The Parson’s character is described differently than any other character. There is nothing throughout the poem that suggests the Parson has anything but good intentions. “There was, and poor, the Parson to a town, / Yet he was rich in holy thought and work” (Lines 489-491). The description Chaucer provides about the Parson is that although he is very poor, the Parson is continuously devout to his religion: “rich in holy thought and work.” The Parson also does not live the luxurious life; instead he lives a life of simplicity. [“…both from church offerings and his property [were how he lived]”] (Lines 13-14). Overall, the Parson is a poor priest who lives off of what he has. He is never doubtful about his life as Chaucer says, “No scrupulosity had spiced his feelings” (Line 536). In life, some m...
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...tal, and pig bones. These are supposed to represent Mary’s veil, the cross, and the holy bones of saints. However, these are all tangible things. He tricks the reader in thinking that he is doing good and he tricks the people of that time to give money to the church in such a discrete way that if it were to be read quickly, his trickery would not be noticed.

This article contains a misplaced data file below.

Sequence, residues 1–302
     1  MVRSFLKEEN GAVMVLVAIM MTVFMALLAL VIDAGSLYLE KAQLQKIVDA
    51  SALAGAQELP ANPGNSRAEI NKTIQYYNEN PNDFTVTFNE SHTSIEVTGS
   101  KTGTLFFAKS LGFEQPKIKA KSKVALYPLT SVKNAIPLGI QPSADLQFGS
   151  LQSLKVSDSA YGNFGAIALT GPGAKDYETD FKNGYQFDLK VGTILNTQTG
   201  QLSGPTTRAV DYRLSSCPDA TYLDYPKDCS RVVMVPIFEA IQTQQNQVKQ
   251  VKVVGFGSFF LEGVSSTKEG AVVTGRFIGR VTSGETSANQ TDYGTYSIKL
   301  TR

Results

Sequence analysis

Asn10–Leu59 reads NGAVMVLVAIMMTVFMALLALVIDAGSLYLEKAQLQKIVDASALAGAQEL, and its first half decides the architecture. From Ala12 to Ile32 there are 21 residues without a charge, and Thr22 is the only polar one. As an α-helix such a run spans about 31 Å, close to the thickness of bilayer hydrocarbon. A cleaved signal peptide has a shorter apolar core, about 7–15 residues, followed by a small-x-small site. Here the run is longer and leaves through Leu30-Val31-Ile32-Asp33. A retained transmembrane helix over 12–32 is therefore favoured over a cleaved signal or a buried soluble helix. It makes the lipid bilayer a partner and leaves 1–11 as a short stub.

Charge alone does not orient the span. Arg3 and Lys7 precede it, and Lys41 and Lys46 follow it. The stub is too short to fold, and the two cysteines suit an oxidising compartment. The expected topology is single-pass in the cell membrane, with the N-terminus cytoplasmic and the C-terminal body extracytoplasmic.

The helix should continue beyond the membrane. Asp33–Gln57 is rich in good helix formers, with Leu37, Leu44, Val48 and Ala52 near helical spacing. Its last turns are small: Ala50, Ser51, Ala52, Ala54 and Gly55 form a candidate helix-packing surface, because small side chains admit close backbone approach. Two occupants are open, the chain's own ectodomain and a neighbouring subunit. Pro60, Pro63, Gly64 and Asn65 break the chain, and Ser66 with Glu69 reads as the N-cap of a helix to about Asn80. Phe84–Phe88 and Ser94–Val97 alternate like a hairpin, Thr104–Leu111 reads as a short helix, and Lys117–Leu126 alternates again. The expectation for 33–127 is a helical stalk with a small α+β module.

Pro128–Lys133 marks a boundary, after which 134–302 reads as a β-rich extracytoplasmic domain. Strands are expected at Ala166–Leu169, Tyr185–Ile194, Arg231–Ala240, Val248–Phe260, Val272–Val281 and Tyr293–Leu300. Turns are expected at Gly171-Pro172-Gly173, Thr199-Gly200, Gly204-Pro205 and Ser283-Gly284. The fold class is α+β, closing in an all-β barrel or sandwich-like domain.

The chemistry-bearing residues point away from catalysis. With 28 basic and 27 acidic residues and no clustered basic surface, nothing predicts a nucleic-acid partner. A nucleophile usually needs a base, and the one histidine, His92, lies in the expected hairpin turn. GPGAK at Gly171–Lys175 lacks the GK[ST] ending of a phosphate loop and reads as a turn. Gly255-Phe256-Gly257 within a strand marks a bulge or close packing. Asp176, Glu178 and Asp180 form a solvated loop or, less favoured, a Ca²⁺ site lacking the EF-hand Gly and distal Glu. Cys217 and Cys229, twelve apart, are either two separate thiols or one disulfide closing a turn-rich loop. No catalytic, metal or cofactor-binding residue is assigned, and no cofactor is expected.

Both the descriptions of the Parson and the Pardoner give the reader different thoughts about each of them. Chaucer does not simply tell the reader who they are and how they live, but the reader must decode the clues given by tone and other literary devices. Sometimes things aren’t always as they seem. By reading literature and trying to find the clues to what the author is trying to say, one will always encounter new types of characters, people and ideas that will become engrained in one’s minds forever.
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